The car sales process has changed a lot in the last 15 to 20 years. Cars themselves have changed quite a bit in the same time period. With the introduction of new electric vehicles to many dealerships, has the information electric car buyers want to know – or want from the sales process, changed? We’ll take a look at recent studies and surveys to help you better understand how to make an electric vehicle shoppers’ experience a good one.
What do electric car buyers want to know?
As you might suspect, the vehicle’s electric operating range is among the chief concerns for electric car buyers. Most American drivers have been in a routine since they are old enough to remember, that gas stations are frequently located off the exits of most highways big or small. Filling up takes just a few minutes unless you have a big truck, a boat, or both at the same time.
So especially for people who commute every day, knowing the range of the vehicle is very important. Also important is how weather impacts the vehicle’s electric power range. Since colder and hotter weather does impact the range, they want to know how much range is taken off when they want to use the heater.
For such a big purchase, this is really important – due in part to the lost equity of finding a vehicle that doesn’t fit your lifestyle. Knowledge of charging ranges – and honesty in charging ranges, is something salespeople should be equipped with.
If I were to buy an electric vehicle today, I would want one that exceeds the ability to drive to the nearest metro area and back on one charge. Why? What if I have to commute some day? I don’t want to have to trade my vehicle in just because I moved or started a different job.
While not the biggest challenge for most electric vehicle buyers to overcome, having cargo space is generally helpful. Should you take on a new hobby or kids’ activities and decide you want more space, having the room to throw a sports bag or two in the area would be rather helpful.
The challenge with cargo space is thinking about all the things you could carry. Consider a roof rack, too.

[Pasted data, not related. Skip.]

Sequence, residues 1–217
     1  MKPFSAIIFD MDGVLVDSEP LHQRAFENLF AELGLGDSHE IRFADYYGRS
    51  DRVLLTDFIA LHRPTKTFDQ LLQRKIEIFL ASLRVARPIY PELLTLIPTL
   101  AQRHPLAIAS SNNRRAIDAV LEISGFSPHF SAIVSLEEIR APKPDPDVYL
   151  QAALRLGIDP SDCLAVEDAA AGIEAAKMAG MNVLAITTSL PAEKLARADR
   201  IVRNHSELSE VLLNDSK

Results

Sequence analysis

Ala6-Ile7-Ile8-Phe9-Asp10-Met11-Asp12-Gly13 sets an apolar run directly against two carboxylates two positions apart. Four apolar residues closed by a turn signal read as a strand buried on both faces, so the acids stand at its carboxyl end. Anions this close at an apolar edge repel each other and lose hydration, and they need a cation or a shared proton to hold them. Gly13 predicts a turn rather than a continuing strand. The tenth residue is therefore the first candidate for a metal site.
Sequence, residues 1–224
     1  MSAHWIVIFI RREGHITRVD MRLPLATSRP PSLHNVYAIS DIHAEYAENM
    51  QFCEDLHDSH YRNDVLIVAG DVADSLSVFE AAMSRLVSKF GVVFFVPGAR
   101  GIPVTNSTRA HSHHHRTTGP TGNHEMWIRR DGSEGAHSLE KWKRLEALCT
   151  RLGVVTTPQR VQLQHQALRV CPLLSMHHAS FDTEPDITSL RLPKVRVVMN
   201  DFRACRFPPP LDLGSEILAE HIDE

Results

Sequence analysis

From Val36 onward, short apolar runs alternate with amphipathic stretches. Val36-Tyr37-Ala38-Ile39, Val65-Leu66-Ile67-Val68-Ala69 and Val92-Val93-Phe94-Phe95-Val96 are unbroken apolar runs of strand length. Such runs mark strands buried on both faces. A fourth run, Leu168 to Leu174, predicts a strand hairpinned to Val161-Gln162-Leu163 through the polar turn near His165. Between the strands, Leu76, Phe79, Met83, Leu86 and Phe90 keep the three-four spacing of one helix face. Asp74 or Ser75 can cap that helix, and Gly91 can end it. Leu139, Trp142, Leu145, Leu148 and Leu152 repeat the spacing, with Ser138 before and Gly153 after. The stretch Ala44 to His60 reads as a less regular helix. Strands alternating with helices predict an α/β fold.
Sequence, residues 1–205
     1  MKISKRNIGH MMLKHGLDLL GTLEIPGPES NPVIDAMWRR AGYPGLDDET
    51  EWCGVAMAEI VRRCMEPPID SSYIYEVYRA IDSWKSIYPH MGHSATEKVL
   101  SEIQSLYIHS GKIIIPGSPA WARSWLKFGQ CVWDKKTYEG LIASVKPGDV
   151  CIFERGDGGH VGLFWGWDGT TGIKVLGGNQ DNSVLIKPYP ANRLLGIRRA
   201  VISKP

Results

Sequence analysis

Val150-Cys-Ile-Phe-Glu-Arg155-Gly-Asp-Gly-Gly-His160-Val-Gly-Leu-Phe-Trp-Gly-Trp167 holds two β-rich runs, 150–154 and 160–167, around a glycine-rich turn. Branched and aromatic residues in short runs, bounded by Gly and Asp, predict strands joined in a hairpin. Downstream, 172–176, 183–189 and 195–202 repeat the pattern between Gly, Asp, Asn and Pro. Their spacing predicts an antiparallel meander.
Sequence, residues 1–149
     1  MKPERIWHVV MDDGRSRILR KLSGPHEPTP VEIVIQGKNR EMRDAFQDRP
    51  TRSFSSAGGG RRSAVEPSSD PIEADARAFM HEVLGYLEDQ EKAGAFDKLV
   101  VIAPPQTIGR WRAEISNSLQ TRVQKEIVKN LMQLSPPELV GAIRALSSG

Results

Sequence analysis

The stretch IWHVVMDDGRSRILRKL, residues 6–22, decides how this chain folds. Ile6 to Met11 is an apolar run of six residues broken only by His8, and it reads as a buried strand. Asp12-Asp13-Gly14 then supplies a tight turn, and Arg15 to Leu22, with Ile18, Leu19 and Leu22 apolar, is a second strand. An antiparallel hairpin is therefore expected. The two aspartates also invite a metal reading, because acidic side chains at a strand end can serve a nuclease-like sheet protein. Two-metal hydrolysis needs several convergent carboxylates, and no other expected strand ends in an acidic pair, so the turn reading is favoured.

How to charge
Admittedly, the concept of plugging your vehicle is one that won’t change and won’t be a challenge for even the most technically challenged customers. Understanding where to charge and different levels of chagrin are rather important, though.
Salespeople will want to be informed on what charging options are available in-home or in-garage for customers. They should also be able to explain to a customer how to charge their vehicle at an apartment. Knowing how long a charge will take will also be very helpful – and whether or not the customer can control the charge time!
Some of the rebates available for an electric car don’t actually come from the dealership, but as tax credits when you complete your yearly report to Uncle Sam. Note that in most cases, salespeople aren’t expected to have extensive knowledge of individual tax situations, but should know which vehicles qualify for a tax credit, how much, and how long those credits last.
This is a bit different from the discounts people (used to?) received on cars, trucks, and SUVs in that they aren’t automatically subtracted in the dealership or within the finance office.
Electric vehicles represent a change, and often a positive one, to most electric vehicle buyers. By showcasing your EV knowledge, you can help electric car buyers have a more pleasant and effective experience on your sales floor.